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By Katrina Drew

SHIRLEY — What do you do if someone calls you a name? What do you do if you see someone being unkind or hurting someone else? What do you do if you know you have been a bully?

These are just a few of the questions raised by nationally known performer Lyle Cogen during a recent presentation for the third-, fourth-, and fifth-graders at the Page Hilltop School.

During the two drama-based, interactive performances, the students explored the points of view of the target, the bystander, and the bully before deciding which of these roles they may have played in their lives. “I really challenge kids to be change makers,” Cogen said. “And I hope that they learn that they really have the power to bring about change.”

The Page Hilltop PTO and the Ayer Shirley Education Foundation (ASEF) funded this important program titled “Sticks and Stones.” “Anti-bullying programs may be outside of the academic curriculum, but they are crucial to the school experience,” said ASEF Co-President Maureen Kilcommins. “This is the kind of program we exist for. We want to provide opportunities for the whole student, not just the academic student.”

Betsy Dolan, Page Hilltop’s guidance counselor, was thrilled that these two agencies were able to fund this anti-bullying program. “This was a valuable way for our upper elementary students to continue their education about what is a bully, victim, bystander, and ally, in a fun, interactive production which involved not only Lyle’s performance but also a high percentage of student participation,” Dolan said. “Many students have already asked me ‘When can we have Lyle come back to our school?'”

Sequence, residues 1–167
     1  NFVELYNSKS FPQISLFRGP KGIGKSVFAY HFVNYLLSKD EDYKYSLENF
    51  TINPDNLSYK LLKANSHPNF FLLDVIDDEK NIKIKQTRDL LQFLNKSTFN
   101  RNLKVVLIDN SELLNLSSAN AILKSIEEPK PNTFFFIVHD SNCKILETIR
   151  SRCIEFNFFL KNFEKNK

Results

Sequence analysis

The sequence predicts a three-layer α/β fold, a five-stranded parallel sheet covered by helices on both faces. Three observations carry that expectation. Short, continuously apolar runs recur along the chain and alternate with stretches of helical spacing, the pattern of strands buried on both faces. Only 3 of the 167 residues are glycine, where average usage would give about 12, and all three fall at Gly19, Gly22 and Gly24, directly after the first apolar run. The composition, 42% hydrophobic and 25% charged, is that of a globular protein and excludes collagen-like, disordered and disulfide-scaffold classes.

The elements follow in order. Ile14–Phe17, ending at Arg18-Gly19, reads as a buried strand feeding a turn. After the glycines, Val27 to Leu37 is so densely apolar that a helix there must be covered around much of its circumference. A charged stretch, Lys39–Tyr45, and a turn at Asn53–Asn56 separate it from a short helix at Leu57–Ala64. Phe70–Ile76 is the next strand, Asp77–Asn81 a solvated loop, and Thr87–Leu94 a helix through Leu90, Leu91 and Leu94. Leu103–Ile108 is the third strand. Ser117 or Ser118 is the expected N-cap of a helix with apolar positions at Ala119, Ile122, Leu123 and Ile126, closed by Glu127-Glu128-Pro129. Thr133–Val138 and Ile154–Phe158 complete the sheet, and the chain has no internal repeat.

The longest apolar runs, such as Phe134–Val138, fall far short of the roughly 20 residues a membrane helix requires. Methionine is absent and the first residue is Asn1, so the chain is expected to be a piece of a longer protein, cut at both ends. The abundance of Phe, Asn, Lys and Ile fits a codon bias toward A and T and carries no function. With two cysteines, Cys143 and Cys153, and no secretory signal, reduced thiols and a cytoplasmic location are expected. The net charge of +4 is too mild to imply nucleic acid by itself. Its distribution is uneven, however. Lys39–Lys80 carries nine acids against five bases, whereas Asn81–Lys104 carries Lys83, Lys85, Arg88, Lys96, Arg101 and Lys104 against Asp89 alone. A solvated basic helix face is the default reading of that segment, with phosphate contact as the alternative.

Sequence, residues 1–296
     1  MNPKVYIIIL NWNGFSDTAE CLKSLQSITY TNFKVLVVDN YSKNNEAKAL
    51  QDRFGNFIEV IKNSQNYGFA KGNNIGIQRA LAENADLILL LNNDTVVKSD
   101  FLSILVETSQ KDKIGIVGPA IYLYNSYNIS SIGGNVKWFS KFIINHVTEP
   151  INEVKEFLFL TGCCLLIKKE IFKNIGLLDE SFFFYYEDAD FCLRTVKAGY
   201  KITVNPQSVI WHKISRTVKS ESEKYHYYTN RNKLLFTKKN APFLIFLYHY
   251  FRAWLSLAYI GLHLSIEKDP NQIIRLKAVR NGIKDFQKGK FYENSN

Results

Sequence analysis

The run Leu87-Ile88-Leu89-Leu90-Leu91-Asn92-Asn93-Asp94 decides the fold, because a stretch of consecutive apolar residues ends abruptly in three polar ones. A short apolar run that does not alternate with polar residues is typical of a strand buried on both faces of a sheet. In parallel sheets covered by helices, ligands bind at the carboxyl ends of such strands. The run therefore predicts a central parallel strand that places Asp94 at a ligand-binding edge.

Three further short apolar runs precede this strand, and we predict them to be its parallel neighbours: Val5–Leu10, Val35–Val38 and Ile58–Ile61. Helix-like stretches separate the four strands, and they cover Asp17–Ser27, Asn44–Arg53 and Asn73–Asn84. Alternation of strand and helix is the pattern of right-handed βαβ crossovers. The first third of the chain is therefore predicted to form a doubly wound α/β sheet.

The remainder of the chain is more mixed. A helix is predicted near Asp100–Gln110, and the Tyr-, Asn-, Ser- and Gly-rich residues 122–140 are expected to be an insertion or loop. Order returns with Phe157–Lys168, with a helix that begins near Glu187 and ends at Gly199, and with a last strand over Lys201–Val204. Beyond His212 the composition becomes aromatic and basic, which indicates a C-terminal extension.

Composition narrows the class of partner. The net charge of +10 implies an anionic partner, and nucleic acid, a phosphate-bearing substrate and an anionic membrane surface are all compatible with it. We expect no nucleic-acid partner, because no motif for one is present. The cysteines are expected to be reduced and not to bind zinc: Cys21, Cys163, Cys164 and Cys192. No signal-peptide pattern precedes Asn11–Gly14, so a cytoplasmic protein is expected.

Cogen, who lives in Long Island, N.Y., used songs and theatrics to drive her point home. “I think programs like this are so critical because there is an abundance of meanness in society,” Cogen said. “Meanness goes unchecked and it is easy to believe it’s someone else’s problem. I want to show kids how being mean affects other kids so that their own behavior can change.” Cogen added, “Every child can make a difference.”

But how do you make a difference? One major change method is to mobilize the world’s bystanders. “If children told the adults in their lives about bullying or mean interactions, the world would be a better place,” noted Cogen.

Towards the end of the assembly, Cogen explained that bystanders are not innocent. During a discussion with the kids, it was identified that adults might take “telling about bullying” as tattling and that the messenger would get in trouble. Cogen reinforced that this was “reporting,” not “tattling.” Her parting thoughts will hopefully inspire niceness, not meanness, at Page Hilltop.

“What if we stood up for people? What if we were other people’s allies? What if everyone was nice? What kind of change agents could we be?”

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